• Utah law prohibits disposal of most radioactive waste greater than Class A. Utah recently passed a law that softened that restriction to allow disposal of DOE-sourced depleted uranium within Utah. But even that move raised sufficient concerns that Utah’s Governor declined to vote for or against the legislation (instead allowing it to take effect by operation of law).

But perhaps the biggest question mark is whether, when and how Washington will follow through with its threat to prevent the DOE from implementing the new Rule. Hanford Site was arguably the principal motivation for the Rule: the lion’s share of DOE HLW that could be reclassified (about 54 million gallons) is there, and DOE’s cleanup efforts have been notoriously slow, expensive and controversial. The state of Washington could conceivably press its interest in scrapping the Rule by initiating or intervening in litigation on a transfer from the Savannah River Site. It could also challenge any subsequent attempt by DOE to invoke the Rule to dispose of reclassified radioactive waste in situ within underground tanks at Hanford Site.

Nuclear Utilities Could See Their Own Waste Disposal Costs Increase

DOE’s new Rule could also affect utilities’ financial obligations with respect to the permanent disposal of their spent nuclear fuel. To the extent that DOE can successfully implement the new rule, there will undoubtedly be a reduction in the volume of material that will need to be placed in a permanent repository. If the current concept for a single repository for both civilian and defense waste remains unchanged[3], this will have an impact on both the total volume of waste that will need to be disposed of in that facility as well as DOE’s cost share for its operations. The current framework for allocating the costs of the permanent repository envisions proportional assignment based on the volume of waste each of the DOE and commercial utilities store there. Thus, a reduction in the volume of DOE waste will result in a commensurate increase in the civilian cost share of that repository. (See 52 Fed. Reg. 31508 (Aug. 20, 1987)). Since the Nuclear Waste Policy Act requires that the owners of civilian spent nuclear fuel pay the full costs for its permanent disposal, the reduced volume of defense wastes resulting from rule change should reduce DOE’s share of the cost of the facility and would likely obligate commercial utilities to increase their contributions in response.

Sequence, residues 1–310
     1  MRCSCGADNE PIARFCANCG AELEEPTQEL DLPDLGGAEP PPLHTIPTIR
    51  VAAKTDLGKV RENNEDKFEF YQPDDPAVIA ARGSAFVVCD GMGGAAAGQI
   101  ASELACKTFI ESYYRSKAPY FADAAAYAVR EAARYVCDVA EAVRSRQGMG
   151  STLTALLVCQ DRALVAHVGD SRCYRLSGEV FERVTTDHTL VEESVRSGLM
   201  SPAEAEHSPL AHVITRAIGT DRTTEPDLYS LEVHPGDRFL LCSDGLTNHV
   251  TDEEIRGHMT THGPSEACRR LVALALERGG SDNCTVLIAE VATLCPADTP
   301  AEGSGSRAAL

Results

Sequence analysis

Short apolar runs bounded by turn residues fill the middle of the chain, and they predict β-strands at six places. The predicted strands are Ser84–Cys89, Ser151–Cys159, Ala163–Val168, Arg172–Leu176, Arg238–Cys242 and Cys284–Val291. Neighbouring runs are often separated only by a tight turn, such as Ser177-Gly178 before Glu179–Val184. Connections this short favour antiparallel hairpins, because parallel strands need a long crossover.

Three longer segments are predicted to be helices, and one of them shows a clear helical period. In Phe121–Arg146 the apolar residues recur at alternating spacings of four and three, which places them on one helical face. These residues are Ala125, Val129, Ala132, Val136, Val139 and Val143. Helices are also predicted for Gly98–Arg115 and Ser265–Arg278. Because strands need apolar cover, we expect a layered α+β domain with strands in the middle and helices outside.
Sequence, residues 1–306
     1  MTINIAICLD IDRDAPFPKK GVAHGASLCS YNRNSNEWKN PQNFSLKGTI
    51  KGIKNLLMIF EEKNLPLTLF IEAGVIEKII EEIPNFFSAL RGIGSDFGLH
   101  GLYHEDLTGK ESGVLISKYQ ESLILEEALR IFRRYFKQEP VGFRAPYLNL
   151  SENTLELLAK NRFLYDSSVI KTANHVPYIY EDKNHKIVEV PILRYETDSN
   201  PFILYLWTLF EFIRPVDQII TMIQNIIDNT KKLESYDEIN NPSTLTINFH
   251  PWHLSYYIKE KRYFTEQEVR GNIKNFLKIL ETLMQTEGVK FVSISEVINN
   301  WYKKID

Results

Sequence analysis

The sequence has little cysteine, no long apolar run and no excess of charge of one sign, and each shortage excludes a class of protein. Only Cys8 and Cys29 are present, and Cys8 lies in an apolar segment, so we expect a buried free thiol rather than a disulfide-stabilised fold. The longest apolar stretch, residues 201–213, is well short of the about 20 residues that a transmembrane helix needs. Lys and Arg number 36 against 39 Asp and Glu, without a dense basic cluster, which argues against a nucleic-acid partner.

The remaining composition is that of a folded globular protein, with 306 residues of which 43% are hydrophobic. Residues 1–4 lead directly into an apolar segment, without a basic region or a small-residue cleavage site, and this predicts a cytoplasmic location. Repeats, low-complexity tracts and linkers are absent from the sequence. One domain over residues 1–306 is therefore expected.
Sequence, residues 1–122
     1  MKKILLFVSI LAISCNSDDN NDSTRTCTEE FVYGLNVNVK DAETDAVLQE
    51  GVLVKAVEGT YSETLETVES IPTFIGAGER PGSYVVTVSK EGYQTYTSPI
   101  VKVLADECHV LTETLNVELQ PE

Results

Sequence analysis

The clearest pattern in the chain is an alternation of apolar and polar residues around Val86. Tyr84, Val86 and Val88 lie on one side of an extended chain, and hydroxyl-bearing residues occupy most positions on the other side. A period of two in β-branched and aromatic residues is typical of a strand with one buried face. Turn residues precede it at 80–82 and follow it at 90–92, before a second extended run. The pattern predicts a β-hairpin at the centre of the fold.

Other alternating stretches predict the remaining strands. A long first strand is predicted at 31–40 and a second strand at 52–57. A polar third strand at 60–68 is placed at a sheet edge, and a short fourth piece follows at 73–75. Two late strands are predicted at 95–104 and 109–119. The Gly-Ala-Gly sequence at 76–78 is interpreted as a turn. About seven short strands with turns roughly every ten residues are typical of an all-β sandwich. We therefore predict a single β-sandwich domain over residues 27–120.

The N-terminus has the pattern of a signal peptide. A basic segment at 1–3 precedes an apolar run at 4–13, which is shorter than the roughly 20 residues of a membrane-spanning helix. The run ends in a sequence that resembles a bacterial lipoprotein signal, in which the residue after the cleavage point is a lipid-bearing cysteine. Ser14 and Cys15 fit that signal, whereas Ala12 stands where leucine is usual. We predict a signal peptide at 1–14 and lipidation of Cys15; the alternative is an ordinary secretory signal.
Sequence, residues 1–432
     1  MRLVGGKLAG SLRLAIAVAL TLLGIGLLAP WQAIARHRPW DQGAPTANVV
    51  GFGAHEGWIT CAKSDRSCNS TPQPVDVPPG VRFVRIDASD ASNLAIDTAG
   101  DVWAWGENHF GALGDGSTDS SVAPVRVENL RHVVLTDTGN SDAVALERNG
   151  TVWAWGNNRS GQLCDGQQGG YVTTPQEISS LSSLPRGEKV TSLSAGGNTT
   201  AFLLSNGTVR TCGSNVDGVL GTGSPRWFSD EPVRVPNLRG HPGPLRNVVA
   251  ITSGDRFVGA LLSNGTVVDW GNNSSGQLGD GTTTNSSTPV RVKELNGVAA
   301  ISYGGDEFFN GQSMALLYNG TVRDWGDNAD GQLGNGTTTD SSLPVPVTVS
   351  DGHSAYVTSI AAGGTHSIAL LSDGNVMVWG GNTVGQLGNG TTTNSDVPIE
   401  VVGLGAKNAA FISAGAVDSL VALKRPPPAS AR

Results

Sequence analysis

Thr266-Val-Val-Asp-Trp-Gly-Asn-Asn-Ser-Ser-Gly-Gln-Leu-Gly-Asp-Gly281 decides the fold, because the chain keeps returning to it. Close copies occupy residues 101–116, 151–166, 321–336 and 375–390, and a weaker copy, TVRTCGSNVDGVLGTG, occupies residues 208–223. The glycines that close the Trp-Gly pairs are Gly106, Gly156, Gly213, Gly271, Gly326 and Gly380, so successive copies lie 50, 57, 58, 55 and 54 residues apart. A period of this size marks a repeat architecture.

Next Steps

Interested clients should monitor DOE issuances and the Federal Register for more information regarding DOE’s invocation of the Rule in connection with the transfers of radioactive waste from Savannah River and other sites.

[1] NRC Staff Comments at 2-3 (Jan. 9, 2019) (ADAMS Accession No. ML19010A136).

[2] Letter from Gov. Abbot to Sec. Perry and Comm. Svinicki (Apr. 26, 2019) (ADAMS Access. No. ML19121A544).

[3] That concept dates from a 1985 presidential determination pursuant to section 8(b) of the Nuclear Waste Policy Act that civilian and defense nuclear wastes should share permanent repositories. In 2015, however, President Obama wrote a Memorandum to the Secretary of Energy directing that a separate repository for HLW from defense activities “is required.” DOE issued a “Draft Plan for a Defense Waste Repository” just before the end of the Obama Administration, but the Trump Administration has not finalized that plan.